Melanie Brown is a wife, homemaker, and homeschooling mom of three. She lives with her family in Whitsett, North Carolina. 

When What You Really Need is Christmas Morning Joy

JammiesI woke up yesterday morning at 5:00 am. I wanted to go back to sleep but all I could do was lay there and think of everything that needs to happen between now and Christmas…

At 5:36 I gave up. Sensing the need to be with God, to pray over my nagging to-do-list, to make a plan for the day I got out of bed and came downstairs to my favorite spot beside the tree. I got my Bible, my journal, my calendar. I made up lists and lesson plans. I prayed. I did what I thought I needed to do to tame the anxiety I felt in my heart.

As my day went on I kept waiting for peace and joy to come but I continued to feel a weight on my shoulders. Instead of peace and joy, I felt irritated, grumpy, and extremely discouraged.

I know we all have days like this. I know we have an enemy who stalks us and hormones that betray us. I know the holidays can be crazy and rainy days endlessly dreary.

I know. I know. I know.

But despite my best efforts to combat it all, I still felt a little like Scrooge. Like George Bailey on his worst day.

In the late afternoon, I strapped my kids into our van and headed for the library. It was a promise I made that morning and while not a bone in my body wanted to go, I didn’t want to let them down, so off to the library we went. And do you know? We had a wonderful time.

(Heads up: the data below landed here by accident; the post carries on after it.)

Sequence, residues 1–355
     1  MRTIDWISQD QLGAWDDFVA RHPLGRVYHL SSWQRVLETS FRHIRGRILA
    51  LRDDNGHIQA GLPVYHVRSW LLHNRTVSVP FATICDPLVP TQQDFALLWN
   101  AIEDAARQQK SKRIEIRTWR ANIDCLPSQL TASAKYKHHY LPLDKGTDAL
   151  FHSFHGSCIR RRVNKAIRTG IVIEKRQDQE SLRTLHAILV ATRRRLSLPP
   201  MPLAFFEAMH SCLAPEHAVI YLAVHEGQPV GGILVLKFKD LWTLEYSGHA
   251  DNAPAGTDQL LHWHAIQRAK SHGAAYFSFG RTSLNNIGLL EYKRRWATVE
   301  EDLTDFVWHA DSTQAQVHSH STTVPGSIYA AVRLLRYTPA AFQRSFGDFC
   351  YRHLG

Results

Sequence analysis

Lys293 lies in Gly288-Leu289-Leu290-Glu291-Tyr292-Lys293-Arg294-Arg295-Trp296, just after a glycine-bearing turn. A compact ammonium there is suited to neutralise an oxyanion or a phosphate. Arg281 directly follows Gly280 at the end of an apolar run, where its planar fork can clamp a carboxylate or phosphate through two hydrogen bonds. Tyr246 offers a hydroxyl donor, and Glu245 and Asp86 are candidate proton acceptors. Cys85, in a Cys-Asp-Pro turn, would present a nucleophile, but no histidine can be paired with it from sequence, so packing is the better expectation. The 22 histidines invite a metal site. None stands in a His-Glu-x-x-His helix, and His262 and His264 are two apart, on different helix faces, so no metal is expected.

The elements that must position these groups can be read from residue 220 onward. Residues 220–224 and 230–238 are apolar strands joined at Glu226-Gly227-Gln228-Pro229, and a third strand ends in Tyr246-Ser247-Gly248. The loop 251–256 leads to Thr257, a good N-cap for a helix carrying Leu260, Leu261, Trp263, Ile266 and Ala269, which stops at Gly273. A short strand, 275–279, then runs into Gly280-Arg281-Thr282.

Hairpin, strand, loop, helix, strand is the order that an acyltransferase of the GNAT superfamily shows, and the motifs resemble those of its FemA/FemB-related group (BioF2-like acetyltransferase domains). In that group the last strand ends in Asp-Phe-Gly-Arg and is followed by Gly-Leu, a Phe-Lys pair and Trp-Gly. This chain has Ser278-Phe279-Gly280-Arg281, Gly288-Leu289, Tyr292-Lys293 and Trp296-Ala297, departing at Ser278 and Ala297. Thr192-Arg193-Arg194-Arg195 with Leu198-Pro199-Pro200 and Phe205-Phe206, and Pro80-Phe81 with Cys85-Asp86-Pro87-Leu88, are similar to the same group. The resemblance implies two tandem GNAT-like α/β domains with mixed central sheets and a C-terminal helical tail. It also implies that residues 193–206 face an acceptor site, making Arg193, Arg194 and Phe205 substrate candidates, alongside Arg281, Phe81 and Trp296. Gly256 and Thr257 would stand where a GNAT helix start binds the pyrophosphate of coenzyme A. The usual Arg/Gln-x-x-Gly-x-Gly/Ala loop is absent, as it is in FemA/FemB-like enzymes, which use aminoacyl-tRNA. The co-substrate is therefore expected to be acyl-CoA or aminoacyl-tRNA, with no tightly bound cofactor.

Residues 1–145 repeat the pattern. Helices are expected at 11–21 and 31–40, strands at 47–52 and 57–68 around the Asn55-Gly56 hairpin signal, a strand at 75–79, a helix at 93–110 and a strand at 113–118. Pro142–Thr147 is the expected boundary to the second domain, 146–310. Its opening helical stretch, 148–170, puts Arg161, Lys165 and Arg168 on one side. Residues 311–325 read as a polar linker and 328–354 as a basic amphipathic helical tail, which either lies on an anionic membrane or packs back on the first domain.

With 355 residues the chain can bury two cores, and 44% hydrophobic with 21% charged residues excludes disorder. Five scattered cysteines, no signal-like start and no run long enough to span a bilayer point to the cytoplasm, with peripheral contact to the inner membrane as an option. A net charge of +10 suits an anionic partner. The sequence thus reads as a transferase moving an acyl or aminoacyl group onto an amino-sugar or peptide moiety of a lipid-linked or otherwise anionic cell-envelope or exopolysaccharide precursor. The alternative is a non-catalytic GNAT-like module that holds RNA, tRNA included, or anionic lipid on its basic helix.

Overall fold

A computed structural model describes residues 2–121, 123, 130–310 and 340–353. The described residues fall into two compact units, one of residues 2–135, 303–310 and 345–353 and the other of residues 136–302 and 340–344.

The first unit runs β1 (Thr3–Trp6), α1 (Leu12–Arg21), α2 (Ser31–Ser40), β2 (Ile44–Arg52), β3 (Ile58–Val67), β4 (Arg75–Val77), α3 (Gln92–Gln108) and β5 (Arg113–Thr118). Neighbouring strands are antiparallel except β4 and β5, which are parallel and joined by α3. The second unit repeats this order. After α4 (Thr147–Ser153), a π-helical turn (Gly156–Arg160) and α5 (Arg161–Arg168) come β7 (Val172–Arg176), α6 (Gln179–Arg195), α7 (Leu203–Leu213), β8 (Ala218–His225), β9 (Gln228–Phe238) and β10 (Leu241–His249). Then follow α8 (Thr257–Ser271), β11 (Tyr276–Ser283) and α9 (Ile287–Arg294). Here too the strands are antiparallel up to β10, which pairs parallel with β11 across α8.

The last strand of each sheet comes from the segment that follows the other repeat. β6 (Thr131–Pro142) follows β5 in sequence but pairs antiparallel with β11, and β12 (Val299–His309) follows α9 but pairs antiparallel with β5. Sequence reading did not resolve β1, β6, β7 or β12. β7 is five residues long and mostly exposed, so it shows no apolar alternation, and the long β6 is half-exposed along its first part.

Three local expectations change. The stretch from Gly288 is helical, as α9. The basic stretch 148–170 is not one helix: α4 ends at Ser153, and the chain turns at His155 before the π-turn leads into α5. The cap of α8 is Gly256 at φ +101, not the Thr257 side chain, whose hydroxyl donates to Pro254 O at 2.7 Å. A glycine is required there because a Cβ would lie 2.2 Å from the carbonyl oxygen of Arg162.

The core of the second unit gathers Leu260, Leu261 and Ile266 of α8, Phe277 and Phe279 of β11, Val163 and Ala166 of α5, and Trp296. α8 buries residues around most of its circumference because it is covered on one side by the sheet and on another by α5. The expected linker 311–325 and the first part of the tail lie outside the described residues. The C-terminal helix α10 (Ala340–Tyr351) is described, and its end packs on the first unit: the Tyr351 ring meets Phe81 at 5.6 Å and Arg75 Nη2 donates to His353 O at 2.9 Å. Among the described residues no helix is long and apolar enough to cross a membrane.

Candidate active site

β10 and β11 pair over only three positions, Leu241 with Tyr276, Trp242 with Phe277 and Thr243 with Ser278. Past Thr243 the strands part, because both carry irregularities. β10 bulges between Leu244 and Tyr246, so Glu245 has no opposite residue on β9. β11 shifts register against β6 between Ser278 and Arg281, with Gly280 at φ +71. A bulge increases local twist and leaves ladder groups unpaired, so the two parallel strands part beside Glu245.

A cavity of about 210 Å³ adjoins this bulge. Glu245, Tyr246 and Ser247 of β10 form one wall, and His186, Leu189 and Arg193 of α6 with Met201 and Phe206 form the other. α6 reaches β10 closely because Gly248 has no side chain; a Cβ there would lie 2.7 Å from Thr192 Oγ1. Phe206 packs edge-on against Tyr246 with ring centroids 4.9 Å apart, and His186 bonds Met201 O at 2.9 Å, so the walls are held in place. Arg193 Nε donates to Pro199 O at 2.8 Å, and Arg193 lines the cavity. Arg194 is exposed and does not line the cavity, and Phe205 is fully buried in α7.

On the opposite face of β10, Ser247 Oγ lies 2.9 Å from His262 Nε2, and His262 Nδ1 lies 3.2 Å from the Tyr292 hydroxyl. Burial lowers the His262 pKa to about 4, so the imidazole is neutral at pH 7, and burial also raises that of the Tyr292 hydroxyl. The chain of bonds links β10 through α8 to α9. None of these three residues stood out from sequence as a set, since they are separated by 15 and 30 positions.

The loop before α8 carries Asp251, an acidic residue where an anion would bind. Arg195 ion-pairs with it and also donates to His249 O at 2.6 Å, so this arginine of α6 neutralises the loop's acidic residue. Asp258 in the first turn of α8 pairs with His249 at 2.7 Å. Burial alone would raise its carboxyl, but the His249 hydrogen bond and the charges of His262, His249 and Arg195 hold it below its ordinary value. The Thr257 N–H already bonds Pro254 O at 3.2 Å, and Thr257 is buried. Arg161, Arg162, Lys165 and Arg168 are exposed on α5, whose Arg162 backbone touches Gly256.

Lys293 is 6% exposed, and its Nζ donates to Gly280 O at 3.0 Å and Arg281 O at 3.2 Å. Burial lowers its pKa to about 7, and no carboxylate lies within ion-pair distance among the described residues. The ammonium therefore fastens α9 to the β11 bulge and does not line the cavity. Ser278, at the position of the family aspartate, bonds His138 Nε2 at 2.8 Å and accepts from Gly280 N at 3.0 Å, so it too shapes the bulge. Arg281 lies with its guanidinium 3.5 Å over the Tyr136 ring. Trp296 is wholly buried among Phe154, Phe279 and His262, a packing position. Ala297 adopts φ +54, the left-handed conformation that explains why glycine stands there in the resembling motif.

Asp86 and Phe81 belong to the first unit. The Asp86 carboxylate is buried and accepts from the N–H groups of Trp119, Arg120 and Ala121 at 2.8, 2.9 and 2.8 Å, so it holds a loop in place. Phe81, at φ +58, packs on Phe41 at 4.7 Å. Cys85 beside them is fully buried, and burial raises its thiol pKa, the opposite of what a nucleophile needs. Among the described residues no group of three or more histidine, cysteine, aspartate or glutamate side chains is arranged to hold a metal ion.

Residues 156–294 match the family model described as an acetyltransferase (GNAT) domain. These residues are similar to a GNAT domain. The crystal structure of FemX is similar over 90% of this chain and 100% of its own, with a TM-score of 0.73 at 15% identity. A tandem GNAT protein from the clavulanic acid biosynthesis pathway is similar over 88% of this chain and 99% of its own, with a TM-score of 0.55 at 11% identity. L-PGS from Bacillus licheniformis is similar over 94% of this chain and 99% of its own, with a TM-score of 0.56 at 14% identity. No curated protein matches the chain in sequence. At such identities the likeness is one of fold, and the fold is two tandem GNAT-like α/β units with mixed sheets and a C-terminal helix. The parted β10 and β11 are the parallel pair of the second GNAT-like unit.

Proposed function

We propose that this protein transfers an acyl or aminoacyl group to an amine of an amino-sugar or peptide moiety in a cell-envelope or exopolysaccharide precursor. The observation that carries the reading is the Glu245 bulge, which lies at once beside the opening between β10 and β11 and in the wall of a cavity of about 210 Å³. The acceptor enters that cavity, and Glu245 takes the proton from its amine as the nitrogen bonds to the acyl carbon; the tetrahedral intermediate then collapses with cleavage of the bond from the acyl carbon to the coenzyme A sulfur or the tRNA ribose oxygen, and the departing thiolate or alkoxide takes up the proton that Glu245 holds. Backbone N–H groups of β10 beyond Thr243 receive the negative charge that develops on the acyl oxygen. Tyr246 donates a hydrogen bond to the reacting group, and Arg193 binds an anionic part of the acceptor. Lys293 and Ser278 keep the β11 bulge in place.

Aletheia's EyesAfter the library and after supper my family gathered on the couch to watch A Christmas Carol. It was a perfect ending to a not-perfect day and as I went to bed I considered the day I’d had, my attitude and my actions. I began to rethink the days to come, the days between now and Christmas…

There’s still a lot to do. There’s cookies to make and presents to wrap. There’s time with family and friends. There’s the preparing of my heart for the King who is coming and everyday life to attend to.

But instead of seeing all of it through eyes and a heart that looks at the list and thinks, “I have to bake, wrap, fix, plan, prepare, create, be…” I now saw my list through “Scrooge-Bailey Eyes.”

At the end of A Christmas Carol and It’s A Wonderful Life, the characters of Scrooge and George Bailey are given the gift of seeing their lives differently. Where they were once deeply disenchanted they become transfixed with the enchantment of their lives.